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Oil cleansing is a big trend right now, as it has been for a while. While oil cleansing is often a mix of castor oil, olive oil, jojoba oil, and grape seed oil, there are a number of people who swear by olive oil alone. This isn’t a new idea, as it were, olive oil was used like soap in Athens over 2000-1000 BC (American Eurasian Journal of Agricultural and Environmental Science).
I’ve noticed an awful lot of articles that recommend cleaning your face with olive oil with no caveats — it’s more instructional about the actual process rather than precautions one should take. Olive oil has many benefits for skin and it can work excellently as a cleanser, but there are definitely warnings any user should heed.
What Are the Benefits of Olive Oil Cleanser?
The oil you dip your bread in can also have great benefits for your skin.
[Read More: Spotlight On: Olive Oil]
The chemistry principle of cleaning with olive oil is that “like dissolves like.” What that means is that oil-based makeup and the oil on your skin would dissolve when olive oil is used as a cleanser. I was not able to find any studies comparing pure olive oil with other cleansers.
Two studies have found that olive oil is anti-carcinogenic. One study on mice showed that topical application of olive oil delayed the onset of UVB-caused tumors (Carcinogenesis). Another study on mice found that a diet rich in olive oil helped inhibit lung cancer (Carcinogenesis). This is due, in part, to the several classes of polyphenols it contains (Lancet Oncology).
What Are the Downsides to an Olive Oil Cleanser?
Though it’s very rare, there is the risk of contact dermatitis when using an olive oil cleanser, so it’s best to do a patch test (Contact Dermatitis). Olive oil was found to delay barrier function in one study (Acta Paediatrica). This means that it can negatively impact the skin’s ability to heal.
The real downsides and issues with using olive oil purchased at the grocery store are that you could be using the wrong oil. It’s important to use extra virgin olive oil — this means it comes from the first press of the olives.
But even that isn’t always totally safe. An article in the New Yorker explained that less than 40% of the olive oil sold in the U.S. regularly meets requirements, which means that you might be using oil that can cause irritation or clog pores (New Yorker).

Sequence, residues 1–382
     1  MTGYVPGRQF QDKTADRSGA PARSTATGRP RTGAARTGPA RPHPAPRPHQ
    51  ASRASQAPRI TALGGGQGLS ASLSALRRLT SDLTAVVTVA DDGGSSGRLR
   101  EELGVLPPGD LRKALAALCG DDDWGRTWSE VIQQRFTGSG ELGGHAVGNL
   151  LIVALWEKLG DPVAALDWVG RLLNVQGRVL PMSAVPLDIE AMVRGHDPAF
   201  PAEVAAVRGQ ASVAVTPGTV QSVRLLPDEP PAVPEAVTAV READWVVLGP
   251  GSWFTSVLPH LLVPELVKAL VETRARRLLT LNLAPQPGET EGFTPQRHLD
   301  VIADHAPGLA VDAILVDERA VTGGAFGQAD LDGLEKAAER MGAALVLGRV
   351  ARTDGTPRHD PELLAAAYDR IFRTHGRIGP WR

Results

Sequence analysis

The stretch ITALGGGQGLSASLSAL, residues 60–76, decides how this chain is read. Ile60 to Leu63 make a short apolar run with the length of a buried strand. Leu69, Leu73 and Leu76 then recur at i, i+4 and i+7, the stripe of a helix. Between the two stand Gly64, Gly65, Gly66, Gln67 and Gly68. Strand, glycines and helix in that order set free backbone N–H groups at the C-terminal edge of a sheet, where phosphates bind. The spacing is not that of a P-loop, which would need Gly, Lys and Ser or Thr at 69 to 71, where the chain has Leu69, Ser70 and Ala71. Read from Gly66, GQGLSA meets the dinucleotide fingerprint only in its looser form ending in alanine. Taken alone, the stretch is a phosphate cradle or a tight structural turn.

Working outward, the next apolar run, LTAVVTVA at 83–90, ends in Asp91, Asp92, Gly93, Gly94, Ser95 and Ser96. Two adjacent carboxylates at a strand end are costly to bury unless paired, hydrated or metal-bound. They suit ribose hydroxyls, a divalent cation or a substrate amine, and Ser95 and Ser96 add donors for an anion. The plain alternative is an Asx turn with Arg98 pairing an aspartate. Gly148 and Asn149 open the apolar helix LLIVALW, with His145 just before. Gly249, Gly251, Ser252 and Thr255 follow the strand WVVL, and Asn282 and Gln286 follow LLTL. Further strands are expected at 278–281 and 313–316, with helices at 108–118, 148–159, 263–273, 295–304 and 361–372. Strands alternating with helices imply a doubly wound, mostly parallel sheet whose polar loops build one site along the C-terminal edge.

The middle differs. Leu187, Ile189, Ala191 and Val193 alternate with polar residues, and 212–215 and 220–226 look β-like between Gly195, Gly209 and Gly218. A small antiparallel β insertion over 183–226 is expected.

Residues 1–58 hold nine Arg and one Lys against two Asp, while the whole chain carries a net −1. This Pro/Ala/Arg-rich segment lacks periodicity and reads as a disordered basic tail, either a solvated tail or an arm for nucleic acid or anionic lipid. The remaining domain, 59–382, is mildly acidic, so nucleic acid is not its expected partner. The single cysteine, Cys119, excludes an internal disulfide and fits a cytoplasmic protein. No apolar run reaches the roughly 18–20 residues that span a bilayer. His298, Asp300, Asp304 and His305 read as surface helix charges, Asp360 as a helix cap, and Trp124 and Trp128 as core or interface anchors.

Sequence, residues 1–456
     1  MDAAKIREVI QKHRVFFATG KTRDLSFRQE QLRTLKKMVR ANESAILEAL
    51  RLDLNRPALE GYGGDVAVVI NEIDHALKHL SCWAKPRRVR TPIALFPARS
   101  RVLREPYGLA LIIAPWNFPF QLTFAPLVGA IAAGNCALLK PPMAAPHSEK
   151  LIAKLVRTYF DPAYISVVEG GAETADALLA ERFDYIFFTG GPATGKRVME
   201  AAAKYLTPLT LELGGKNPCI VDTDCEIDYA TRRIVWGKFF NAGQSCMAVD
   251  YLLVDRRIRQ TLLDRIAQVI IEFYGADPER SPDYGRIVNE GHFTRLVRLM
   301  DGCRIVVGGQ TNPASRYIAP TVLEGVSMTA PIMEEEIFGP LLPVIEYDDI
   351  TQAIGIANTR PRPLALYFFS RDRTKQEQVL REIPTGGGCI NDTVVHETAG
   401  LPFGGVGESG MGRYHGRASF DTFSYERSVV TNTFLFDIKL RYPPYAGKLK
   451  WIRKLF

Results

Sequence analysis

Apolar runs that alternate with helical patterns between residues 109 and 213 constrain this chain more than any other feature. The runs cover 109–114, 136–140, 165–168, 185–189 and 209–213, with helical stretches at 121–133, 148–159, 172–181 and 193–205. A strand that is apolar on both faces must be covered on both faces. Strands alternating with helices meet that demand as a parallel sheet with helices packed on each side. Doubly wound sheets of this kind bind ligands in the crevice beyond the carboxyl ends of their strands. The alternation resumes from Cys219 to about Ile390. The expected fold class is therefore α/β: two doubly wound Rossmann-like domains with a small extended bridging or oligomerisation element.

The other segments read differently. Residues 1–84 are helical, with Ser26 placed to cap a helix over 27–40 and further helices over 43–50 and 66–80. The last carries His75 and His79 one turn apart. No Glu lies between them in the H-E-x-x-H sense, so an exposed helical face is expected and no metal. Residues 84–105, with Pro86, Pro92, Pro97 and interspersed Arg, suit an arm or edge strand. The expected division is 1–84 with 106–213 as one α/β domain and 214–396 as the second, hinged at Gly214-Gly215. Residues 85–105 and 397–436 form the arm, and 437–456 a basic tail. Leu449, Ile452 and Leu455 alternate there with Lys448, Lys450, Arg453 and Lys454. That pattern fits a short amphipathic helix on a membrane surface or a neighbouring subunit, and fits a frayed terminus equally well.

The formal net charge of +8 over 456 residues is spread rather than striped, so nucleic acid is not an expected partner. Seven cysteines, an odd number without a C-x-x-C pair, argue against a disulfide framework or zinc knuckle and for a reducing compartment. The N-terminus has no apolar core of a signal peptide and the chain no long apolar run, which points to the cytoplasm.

How to Prepare to Use Olive Oil Cleanser Safely
Certain precautions will help make using olive oil as cleanser safely.
First and foremost, if you’re serious about it, it’s best to speak with your dermatologist about whether this method is appropriate for your skin. Next, it’s important to buy 100% pure extra virgin olive oil. Patch test the olive oil somewhere (preferably out of sight), so that if you do have an adverse reaction, you know before putting it all over your face.
Finally, if you have any issues or irritation when using olive oil cleanser, stop immediately.
If you want to try cleansing with olive oil but are concerned about potential issues, such as buying impure olive oil, a good solution is to use cleansers that are formulated with olive oil and intended for your face.
For example, DHC Deep Cleansing Oil ($28, amazon.com) is mostly comprised of olive oil, along with rosemary oil, which has antibacterial properties for skin, and vitamin E, which is one of the most powerful naturally-produced antioxidants.
[Read More: Product Review: DHC Deep Cleansing Oil]
Olive oil can do wonderful things for you skin when used properly. The idea of using it is based off of the chemistry principle that “like dissolves like.” However, there are issues that some people have with using olive oil, such as decreased barrier function and irritation. By talking to a dermatologist, choosing the right oil, and patch testing, those interested can try olive oil cleansing. But if you want something specifically formulated for your skin, there are products out there that cater to the oil cleansing trend.